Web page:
Mission to Mars: Wall-less Hall Thruster May be the Future of Deep Space Travel

First Posted: Oct 28, 2015 07:56 AM EDT

Hall thrusters are advanced electric rocket engines that are mostly used for station-keeping and altitude control of geosynchronous communication satellites and space probes. Now, though, researchers are taking a closer look at these engines for deep space missions.

Hall thrusters use about 100 million times less propellant or fuels than conventional chemical rockets. This, in particular, makes the Hall thruster an attractive candidate for exploring Mars, asteroids, and the edge of the solar system. By saving fuel, the thruster could leave room for spacecraft and send a large amount of carbon in support of space missions. The current lifespan of Hall thrusters, though, is too short for more space explorations.

Now, researchers are looking to prolong the lives of these Hall thrusters. Scientists have experimentally optimized the operation of a novel, wall-less thruster prototype. The preliminary results were good, and the researchers believe that they may pave the way for a high-efficiency wall-less Hall thruster suitable for deep space missions-possibly even the one to send humans to Mars.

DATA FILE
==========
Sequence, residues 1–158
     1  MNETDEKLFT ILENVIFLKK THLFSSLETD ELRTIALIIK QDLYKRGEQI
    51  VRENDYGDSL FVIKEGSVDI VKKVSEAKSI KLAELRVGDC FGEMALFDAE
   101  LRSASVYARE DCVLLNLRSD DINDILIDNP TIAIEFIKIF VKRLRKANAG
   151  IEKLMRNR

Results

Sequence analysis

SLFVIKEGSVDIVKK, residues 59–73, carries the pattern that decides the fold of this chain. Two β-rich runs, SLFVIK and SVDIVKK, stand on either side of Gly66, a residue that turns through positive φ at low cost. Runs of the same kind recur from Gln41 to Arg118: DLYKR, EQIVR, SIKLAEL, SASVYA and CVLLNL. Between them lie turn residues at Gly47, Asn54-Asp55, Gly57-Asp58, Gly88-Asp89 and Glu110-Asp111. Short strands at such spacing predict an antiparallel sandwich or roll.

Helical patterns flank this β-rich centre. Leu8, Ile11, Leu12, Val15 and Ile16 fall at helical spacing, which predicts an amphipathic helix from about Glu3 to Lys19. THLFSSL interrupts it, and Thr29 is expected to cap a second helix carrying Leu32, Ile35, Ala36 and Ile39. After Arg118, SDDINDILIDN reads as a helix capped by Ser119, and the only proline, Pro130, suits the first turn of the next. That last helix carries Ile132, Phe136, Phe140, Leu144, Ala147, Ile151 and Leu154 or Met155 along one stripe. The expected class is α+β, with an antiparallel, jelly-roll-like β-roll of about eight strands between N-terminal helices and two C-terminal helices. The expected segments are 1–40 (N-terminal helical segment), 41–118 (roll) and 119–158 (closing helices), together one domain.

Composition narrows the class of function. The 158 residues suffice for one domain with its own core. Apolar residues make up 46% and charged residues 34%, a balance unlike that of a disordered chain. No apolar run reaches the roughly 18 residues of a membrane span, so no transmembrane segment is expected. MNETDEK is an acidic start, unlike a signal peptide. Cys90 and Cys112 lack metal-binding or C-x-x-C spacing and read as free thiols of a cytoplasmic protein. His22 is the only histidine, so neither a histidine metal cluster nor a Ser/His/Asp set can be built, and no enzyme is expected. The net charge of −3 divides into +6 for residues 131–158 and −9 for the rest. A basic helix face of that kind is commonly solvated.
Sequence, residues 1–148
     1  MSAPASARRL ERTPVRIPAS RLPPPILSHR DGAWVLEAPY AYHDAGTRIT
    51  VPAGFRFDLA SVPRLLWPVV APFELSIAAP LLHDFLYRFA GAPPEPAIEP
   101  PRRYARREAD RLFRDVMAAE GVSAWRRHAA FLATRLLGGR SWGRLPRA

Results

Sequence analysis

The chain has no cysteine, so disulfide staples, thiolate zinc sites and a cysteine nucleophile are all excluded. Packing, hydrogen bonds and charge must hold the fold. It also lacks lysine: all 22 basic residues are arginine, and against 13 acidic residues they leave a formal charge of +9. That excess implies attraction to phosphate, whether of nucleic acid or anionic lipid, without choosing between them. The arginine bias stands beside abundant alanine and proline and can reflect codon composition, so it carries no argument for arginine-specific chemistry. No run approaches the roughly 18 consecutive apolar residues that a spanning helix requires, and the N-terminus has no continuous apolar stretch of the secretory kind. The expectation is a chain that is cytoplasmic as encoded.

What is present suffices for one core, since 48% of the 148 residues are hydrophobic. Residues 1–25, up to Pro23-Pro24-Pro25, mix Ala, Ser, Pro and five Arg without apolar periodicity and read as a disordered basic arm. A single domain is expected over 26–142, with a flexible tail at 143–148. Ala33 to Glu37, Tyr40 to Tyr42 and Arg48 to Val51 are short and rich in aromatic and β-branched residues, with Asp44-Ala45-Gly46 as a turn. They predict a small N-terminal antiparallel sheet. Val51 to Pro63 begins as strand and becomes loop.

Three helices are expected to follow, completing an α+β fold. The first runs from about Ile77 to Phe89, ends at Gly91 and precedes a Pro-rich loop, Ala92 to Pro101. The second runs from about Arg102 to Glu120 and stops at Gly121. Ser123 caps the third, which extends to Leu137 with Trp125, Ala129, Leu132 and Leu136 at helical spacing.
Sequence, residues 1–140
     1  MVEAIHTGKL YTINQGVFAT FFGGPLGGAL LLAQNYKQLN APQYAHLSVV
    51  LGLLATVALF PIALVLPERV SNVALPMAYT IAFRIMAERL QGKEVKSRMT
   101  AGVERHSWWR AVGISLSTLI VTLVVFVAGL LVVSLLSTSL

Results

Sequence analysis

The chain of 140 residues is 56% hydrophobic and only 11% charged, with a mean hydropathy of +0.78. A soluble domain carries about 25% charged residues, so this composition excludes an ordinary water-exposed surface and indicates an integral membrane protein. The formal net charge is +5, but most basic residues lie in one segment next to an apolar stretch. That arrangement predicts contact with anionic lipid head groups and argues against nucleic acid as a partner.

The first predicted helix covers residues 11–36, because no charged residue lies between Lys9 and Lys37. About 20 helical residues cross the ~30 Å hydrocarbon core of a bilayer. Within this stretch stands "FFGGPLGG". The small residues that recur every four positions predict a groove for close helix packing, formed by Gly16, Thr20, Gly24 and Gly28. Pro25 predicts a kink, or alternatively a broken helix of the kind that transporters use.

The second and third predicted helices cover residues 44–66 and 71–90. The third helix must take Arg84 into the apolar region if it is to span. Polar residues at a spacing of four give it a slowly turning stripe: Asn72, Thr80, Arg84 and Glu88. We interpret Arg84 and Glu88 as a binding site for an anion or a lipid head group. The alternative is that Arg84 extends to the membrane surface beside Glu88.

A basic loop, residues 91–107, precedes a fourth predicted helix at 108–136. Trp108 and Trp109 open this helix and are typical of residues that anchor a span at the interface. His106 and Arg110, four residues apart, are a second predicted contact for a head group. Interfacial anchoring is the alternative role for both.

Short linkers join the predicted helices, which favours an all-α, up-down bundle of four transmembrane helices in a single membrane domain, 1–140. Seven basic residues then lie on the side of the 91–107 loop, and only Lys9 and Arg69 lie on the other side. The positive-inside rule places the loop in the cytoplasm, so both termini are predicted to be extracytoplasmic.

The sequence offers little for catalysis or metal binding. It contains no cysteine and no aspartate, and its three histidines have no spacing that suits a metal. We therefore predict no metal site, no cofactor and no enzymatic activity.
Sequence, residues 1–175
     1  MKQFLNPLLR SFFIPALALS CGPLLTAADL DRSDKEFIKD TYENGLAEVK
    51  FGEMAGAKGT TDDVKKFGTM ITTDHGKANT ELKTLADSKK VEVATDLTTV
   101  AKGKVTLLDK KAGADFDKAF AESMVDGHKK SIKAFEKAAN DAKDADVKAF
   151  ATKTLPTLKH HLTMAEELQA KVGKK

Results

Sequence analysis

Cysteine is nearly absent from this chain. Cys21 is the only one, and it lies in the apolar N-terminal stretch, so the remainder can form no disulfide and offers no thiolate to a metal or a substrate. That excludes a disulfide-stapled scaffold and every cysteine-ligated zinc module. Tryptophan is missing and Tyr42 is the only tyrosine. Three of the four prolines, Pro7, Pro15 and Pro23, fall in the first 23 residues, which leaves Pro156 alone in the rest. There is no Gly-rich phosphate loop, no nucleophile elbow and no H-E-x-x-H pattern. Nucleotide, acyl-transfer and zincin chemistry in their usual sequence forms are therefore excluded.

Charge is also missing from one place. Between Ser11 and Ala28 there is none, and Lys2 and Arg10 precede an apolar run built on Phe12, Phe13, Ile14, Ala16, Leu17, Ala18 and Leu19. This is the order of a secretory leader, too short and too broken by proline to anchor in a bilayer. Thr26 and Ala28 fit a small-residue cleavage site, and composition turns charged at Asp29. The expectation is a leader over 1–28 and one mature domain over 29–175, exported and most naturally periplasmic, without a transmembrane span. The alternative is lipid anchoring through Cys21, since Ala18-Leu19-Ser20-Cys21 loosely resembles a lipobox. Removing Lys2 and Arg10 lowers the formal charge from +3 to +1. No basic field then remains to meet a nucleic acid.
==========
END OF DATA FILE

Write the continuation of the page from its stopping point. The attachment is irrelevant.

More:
"The major drawback of Hall thrusters is that the discharge channel wall materials largely determine the discharge properties, and consequently, the performance level and the operational time," said Julien Vaudolon, one of the researchers, in a news release.

In this case, though, the researchers have based a small-scale, wall-less thruster prototype based on a classical Hall thruster. At first, the researchers simply moved the anode to the channel exhaust plane. But in order to optimize the wall-less prototype, the researchers rotated the magnetic barrier by 90 degrees, so that it injected the magnetic field lines parallel with the axial direction.

The new research on Hall thrusters could eventually pave the way to deep space travel. In fact, it could eventually power the journey to Mars.

The findings are published in the journal Applied Physics Letters.

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